Model railroading is more than "just a hobby". It incorporates many different aspects of science and math as well as art — architecture, electrical and electronic engineering, model building, machining, painting backdrops, plastering hills, building bridges, and so on. It is almost infinite.

    Before you rush out and buy a trainset, ask yourself some fundamental questions that will help you define your interests:

    1.) What era do you want to model? Steam? Transition era (1950s and 1960s)? Second generation diesels (1970s and 1980s)? Modern (1990s to date)?

    2.) What railroad/railroads do you want to feature?

    3.) Do you want to run passenger trains or freight? Or mixed consists?

    4.) Are you interested in continuous running, point-to-point switching, or operations? you may not be familiar with these terms, but they are all particular aspects of running a model railroad that appeal to different people. Check them out. Most people settle on a little bit of operations with some continuous running away from the action.

    5.) What kind of geography do you want to model? What kind of terrain, what industries, urban or rural, mountain logging railroad or a subway?

    Then once you have some ideas, start to focus your reading. Find out what locomotives and rolling stock are available, and from whom, that fit within your area of interest.

    That's the first hurdle — defining what you want to do. the next challenge is determining what you can do.

    The are three main questions to be addressed here:

    1.) The first is rather obvious — what is the missus' attitude? You may have to help her realize that model railroading is more than "playing with his toys". You have to win her over to supporting your hobby, lest you come dancing through the door one day, happy as a clam with a super-duper brass Hudson retailing for $2000 that you were able to scoop for a paltry $750 — and catch a frying pan on the forehead.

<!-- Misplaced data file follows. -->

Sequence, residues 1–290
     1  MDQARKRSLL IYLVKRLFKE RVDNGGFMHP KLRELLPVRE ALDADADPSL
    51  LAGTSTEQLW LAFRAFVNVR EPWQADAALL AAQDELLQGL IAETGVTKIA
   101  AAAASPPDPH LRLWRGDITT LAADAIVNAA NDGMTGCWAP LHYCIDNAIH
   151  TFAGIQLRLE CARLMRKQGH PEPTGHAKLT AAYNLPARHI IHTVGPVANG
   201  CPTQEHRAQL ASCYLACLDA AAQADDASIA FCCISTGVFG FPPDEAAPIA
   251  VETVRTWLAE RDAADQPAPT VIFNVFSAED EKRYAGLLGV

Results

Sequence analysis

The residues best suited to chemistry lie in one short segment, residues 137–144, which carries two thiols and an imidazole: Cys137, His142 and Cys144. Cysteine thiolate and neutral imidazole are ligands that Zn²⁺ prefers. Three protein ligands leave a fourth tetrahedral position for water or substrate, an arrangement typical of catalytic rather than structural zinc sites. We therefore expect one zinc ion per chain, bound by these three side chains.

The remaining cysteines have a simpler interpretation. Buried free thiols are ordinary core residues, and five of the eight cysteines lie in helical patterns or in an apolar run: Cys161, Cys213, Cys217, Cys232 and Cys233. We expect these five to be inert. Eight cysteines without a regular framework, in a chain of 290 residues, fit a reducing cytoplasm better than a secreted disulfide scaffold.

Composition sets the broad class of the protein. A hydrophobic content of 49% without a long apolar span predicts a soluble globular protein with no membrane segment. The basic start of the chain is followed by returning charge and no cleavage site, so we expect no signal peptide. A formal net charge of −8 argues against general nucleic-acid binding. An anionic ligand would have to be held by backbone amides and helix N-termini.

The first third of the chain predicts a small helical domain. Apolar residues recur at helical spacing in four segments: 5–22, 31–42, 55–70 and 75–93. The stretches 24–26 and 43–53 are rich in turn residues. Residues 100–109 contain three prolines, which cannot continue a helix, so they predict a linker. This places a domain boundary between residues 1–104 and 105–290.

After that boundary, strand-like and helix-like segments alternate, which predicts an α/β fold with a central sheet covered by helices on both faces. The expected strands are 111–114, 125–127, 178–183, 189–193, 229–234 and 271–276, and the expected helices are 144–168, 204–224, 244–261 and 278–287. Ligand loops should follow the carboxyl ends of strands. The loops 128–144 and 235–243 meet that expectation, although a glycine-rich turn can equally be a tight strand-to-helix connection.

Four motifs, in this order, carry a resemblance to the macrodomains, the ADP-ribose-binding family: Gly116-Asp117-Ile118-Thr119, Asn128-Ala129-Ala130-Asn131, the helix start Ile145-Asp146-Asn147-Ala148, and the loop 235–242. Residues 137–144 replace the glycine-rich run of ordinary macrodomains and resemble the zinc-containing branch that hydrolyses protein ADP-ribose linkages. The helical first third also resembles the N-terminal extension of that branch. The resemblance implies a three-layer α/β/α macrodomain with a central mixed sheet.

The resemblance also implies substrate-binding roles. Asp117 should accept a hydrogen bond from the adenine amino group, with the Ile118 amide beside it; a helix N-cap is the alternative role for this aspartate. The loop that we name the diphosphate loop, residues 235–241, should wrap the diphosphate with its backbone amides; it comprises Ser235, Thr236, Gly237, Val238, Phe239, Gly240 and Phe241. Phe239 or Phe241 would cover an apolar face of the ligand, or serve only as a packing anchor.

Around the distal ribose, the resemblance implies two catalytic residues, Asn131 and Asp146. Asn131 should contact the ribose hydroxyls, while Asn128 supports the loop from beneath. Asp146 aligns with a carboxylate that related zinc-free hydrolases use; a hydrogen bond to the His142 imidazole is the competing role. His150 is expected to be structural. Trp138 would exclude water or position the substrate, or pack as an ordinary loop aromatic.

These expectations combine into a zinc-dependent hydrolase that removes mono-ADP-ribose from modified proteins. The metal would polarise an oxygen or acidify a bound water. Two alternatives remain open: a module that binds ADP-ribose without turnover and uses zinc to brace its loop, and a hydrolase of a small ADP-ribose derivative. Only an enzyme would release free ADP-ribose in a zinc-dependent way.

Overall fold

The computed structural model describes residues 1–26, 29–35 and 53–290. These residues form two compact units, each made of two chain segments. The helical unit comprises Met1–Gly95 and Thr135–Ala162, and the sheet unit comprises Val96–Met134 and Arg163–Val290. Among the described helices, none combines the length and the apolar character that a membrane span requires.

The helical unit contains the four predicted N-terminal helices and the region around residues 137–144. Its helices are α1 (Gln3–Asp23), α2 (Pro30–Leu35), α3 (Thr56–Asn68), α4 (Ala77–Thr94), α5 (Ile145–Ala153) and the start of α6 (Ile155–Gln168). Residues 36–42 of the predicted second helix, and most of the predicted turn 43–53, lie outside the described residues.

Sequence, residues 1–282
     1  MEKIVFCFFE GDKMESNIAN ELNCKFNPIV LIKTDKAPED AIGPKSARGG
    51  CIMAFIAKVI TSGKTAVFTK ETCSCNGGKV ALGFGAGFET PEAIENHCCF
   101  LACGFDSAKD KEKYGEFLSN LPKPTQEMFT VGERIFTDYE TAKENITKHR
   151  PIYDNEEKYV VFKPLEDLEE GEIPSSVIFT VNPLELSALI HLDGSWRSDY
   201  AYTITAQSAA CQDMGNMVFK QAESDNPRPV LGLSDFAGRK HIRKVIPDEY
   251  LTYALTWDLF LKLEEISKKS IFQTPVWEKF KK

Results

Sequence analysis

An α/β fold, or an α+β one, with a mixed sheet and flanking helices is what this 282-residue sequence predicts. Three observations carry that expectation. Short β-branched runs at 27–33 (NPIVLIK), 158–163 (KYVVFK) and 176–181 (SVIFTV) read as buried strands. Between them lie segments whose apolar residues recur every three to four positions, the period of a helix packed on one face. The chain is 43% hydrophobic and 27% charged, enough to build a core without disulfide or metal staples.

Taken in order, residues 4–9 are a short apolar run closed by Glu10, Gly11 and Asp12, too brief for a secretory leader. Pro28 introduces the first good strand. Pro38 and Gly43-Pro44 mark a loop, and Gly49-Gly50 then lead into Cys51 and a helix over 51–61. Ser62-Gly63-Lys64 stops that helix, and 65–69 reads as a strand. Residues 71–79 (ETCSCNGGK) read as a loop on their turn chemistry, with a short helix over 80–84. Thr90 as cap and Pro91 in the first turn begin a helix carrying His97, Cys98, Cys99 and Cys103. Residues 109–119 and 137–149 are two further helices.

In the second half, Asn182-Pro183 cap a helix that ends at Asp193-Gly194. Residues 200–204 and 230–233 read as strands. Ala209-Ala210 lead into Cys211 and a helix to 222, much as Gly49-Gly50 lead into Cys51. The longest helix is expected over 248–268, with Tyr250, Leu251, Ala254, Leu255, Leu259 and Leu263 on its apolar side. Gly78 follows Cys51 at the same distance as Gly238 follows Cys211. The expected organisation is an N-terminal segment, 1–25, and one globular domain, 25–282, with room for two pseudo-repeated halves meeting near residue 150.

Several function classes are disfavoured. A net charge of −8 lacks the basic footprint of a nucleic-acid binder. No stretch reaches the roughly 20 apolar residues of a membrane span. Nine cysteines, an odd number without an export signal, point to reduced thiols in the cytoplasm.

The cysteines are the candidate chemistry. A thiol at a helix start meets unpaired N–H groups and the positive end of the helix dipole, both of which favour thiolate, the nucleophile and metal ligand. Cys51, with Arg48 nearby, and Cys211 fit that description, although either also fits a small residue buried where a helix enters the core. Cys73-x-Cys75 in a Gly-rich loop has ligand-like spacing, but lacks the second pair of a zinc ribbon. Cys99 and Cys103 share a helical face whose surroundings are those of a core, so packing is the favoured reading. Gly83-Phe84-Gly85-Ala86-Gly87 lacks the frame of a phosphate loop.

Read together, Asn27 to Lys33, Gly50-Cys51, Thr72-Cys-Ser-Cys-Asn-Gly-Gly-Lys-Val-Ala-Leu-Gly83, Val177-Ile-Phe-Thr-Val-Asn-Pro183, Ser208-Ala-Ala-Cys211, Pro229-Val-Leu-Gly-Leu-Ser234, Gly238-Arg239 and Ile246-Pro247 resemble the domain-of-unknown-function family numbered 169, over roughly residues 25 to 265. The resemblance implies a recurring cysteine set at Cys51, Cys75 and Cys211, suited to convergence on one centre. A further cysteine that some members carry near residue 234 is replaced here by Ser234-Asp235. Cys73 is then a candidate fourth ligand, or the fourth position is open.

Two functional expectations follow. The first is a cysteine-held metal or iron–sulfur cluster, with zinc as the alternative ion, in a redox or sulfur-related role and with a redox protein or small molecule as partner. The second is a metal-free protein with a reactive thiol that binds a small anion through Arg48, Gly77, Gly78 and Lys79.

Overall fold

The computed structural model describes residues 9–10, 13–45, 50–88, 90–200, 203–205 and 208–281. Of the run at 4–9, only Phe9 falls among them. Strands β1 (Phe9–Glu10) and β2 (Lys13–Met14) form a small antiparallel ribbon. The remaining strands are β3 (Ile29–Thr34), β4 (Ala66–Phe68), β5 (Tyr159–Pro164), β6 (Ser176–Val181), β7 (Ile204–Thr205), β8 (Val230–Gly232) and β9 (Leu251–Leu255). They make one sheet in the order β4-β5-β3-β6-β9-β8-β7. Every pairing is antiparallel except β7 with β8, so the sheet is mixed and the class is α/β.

2.) That brings us to the next question — your budget. Model railroading is expensive. A good (plastic) locomotive is $200, a good freight car ranges from $20 for a kit to $50 for RTR (ready-to-run = some 14-year-old in China built it for you). A turnout, with motor and switch, will run $35, and you may end up with dozens on your layout. It's worth mentioning, so as not to scare you off, that such a layout is built over a period of several years, but it can amount to a significant piece of change.

    3.) How much space do you have for your layout? It is common for beginners to set up on a 4x8 sheet of plywood, but that is really not enough space for an HO scale layout. HO scale seems small, but trains are not. I have watched unit trains of 120 grain hoppers roll by at a crossing. 120 hoppers, with locomotive and boosters, are going to be 1200" front to back — 100' if you will. that's a pretty long train to put on a sheet of plywood! I am maybe stretching the point — we all compromise with "scale compression", and 20 or 30 hoppers give the same impression visually, but them's the facts. In HO scale, you don't want a train table. You want a train room. And FWIW, N-scale is no less expensive, has half the detail, and carries with it half the compromises in terms of space limitations.

    Those are questions to help you determine what is possible, given your situation.

    If you can answer those two fundamental questions — what you want to do and what you can do — and can resolve one with the other, you are well on your way to starting the adventure of a lifetime.

    And if you've gotten this far, forget El Cheapo trainsets. Buy quality locomotives and quality rolling stock, just a few to get going. You get what you pay for, as long as you're dealing with reputable dealers, and you will quickly be able to see the difference in quality. There is no "best" manufacturer — there are some to avoid, but the rest are pretty well even. Each kit or model must be assessed on it's own. All have weak points and strong points that differ, and it behooves oyu to determine which one you like best, based of detail, ease of assembly, paintwork, reliability, and price.

    Also, lay down a simple loop with a couple of sidings to get going, to run some trains while you develop the rest of the layout and keep your interest up.